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How to defeat Modi in elections

March 11, 2017 16:05 IST

'Modi is larger-than-life, but not invincible. Yet,' says Saisuresh Sivaswamy.
Illustration: Dominic Xavier/Rediff.com

 Illustration: Dominic Xavier

The 5-state election results are a mixed bag for the Opposition. Uttar Pradesh went true to form, standing firmly by Prime Minister Narendra Modi who it backed overwhelmingly in 2014, as did Uttarakhand which ejected the Congress for the BJP.

Punjab sprang a surprise in giving a clear majority to the Congress, despite the old newbie Aam Aadmi Party's presence in the fray.

Goa seems like a close battle, as does Manipur.

It is the electoral outcome in Uttar Pradesh, which gave a two-thirds majority for the BJP, that should come as a huge cause for worry for the non-Bharatiya Janata Party Opposition.

Nay-sayers had their own theories as to how the BJP would perform, but no one, it seemed -- neither journalists nor psephologists, or even the 'experts' -- could see how well the BJP would do in the state.

All the crowing in the saffron camp, and the pall of gloom that has descended over the Opposition ranks will suggest that all is lost, that there is no stopping Modi the campaigner.

The strong and clear verdict from Maharashtra's local elections last month, as well as from Odisha, only reinforces the view that Modi is unbeatable.

Definitely, the prime minister's aggressive campaign style, plus his high energy that belies his 66 years, has left the Opposition scrambling to save their seats.

But the tactic to stop the Modi juggernaut lies in the little clues that dot this very electoral outcome, and the Opposition needs to pay attention to it to stay in the game.

Either that, or be reduced to the ridiculous spectacle of Mayawati weeping on live TV that the electronic voting machines have been tampered with.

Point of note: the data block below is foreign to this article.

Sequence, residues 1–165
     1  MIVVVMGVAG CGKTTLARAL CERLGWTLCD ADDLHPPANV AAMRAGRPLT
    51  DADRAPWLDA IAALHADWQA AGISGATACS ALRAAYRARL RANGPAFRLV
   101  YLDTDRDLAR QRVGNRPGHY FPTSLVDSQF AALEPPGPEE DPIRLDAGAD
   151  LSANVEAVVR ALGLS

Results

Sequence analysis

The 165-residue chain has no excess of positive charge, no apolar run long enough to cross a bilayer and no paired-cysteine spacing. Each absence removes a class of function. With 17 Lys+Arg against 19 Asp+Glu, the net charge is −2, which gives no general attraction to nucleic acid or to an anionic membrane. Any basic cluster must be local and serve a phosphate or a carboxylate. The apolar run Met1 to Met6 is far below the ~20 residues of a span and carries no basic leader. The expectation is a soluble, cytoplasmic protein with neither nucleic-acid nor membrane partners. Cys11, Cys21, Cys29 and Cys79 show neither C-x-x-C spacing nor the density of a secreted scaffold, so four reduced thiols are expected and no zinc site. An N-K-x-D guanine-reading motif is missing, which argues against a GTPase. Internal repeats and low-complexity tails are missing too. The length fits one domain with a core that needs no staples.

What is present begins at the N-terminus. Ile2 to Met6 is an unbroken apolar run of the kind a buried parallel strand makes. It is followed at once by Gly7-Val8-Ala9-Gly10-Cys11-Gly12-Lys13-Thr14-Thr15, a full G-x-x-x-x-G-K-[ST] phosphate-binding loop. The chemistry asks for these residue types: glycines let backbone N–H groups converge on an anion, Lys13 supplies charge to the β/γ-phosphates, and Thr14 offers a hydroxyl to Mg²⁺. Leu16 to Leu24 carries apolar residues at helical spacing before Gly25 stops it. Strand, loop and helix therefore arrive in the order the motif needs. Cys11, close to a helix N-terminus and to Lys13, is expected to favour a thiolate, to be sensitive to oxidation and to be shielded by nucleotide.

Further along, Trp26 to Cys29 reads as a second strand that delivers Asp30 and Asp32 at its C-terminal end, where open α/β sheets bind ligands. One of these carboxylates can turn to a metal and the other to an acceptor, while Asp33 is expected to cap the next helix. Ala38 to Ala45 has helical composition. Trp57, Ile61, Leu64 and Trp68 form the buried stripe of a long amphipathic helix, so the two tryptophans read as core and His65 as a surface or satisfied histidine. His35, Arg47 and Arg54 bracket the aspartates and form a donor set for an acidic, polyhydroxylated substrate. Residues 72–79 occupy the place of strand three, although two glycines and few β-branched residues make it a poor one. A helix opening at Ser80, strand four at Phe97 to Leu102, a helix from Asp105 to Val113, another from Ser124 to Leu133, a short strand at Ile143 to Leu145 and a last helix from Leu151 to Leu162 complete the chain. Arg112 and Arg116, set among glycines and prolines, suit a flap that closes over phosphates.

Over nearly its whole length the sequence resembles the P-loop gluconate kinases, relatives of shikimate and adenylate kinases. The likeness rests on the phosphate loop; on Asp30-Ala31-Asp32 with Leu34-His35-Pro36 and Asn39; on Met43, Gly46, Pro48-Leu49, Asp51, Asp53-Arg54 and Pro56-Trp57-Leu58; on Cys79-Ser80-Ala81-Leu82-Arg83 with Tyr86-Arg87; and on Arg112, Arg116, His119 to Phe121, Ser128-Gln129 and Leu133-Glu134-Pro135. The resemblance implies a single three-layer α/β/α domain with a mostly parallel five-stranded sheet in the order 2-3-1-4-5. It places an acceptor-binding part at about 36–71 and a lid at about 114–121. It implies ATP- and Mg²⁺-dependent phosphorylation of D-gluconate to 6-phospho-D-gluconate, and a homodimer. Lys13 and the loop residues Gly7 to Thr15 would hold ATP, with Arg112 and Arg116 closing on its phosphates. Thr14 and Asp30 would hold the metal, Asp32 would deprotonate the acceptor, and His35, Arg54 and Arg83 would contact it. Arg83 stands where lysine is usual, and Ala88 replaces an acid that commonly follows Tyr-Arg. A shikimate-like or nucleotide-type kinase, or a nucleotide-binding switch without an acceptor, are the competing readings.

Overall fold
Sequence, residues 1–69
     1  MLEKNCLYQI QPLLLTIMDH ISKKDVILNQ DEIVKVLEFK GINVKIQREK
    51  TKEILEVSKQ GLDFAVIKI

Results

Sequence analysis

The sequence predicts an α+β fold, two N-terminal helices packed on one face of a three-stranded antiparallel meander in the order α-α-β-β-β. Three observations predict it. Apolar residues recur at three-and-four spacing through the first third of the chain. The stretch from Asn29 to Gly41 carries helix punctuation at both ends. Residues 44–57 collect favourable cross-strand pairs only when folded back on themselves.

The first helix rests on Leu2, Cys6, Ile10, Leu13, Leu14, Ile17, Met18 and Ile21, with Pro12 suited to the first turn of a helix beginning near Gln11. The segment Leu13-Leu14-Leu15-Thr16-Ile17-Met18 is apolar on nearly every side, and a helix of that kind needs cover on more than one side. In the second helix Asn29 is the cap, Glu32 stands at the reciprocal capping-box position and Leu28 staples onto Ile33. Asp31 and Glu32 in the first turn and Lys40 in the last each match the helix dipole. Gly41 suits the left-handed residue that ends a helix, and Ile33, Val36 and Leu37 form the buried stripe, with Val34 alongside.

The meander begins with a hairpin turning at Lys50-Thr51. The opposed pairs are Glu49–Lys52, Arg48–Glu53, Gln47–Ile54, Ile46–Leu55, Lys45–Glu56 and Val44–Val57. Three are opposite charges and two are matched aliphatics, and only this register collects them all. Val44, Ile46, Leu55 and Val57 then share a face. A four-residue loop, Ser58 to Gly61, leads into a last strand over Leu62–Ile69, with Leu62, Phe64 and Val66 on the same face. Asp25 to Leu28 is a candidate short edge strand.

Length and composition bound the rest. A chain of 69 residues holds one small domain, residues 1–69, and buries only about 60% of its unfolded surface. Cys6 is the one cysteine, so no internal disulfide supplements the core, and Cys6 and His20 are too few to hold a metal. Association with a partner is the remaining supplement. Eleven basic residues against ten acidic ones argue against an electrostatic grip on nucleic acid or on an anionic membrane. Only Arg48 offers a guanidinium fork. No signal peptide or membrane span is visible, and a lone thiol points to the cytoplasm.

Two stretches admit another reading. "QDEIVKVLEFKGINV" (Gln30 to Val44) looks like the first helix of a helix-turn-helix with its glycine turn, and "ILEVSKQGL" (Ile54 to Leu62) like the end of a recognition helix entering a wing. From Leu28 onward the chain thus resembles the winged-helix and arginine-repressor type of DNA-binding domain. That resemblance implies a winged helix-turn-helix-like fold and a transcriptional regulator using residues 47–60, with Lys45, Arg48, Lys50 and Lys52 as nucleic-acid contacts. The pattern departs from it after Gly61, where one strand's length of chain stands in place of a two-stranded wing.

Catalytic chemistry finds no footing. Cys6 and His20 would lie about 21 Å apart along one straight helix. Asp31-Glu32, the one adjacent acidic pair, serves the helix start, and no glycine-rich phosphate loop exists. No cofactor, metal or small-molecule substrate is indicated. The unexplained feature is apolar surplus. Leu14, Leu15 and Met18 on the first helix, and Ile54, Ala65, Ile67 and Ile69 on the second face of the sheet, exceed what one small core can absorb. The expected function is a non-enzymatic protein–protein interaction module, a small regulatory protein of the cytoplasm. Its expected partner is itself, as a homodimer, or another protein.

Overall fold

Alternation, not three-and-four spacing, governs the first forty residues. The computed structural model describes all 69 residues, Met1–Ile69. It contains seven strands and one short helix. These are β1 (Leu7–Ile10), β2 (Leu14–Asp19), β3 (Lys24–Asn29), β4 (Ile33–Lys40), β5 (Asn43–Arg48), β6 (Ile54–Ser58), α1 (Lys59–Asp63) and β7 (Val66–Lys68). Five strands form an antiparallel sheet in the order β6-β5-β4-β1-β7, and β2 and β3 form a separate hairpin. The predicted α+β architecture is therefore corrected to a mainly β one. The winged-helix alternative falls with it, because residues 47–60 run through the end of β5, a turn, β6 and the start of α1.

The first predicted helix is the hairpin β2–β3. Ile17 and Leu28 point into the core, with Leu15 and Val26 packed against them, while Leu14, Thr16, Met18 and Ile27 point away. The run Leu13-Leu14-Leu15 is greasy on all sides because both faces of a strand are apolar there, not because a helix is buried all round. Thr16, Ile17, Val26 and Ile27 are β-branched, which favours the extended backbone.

So what should the Opposition do to stave off the Modi threat and to remain relevant?

One.

Junk outdated rhetoric like 'secular forces versus communal forces', it is as anachronistic as 'garibi hatao.'

The voter has changed, the voter's concerns have changed, and Modi has been quick to grasp it.

So why does he still resort to using phrases like 'qabristan/shamshanghat/SCAM' or his major domo Amit Shah talk of 'KASAB,' you wonder? Because that is the trap the duo is laying for the Opposition, to keep them trapped in the same old lingo while they themselves move on.

For Modi and Shah, these are strictly one-use catchphrases which remain stuck with the Opposition far longer.

Two.

Go all guns blazing. For the BJP under Shah-Modi, it does not matter whether it is a parliamentary election it is fighting or the zilla parishad poll, the amount of hard focus and mobilisation it puts into each battle, treating it as if it is the last one, is worthy of emulation.

The party organisation is thus a veritable wermacht, with absolutely no respite. There can also be no better way than this to prevent complacency setting in, or the cadres getting restive at the inactivity and lack of seriousness in purpose, which afflict many political parties.

Three.

Modi is not your target, so don't turn him into one.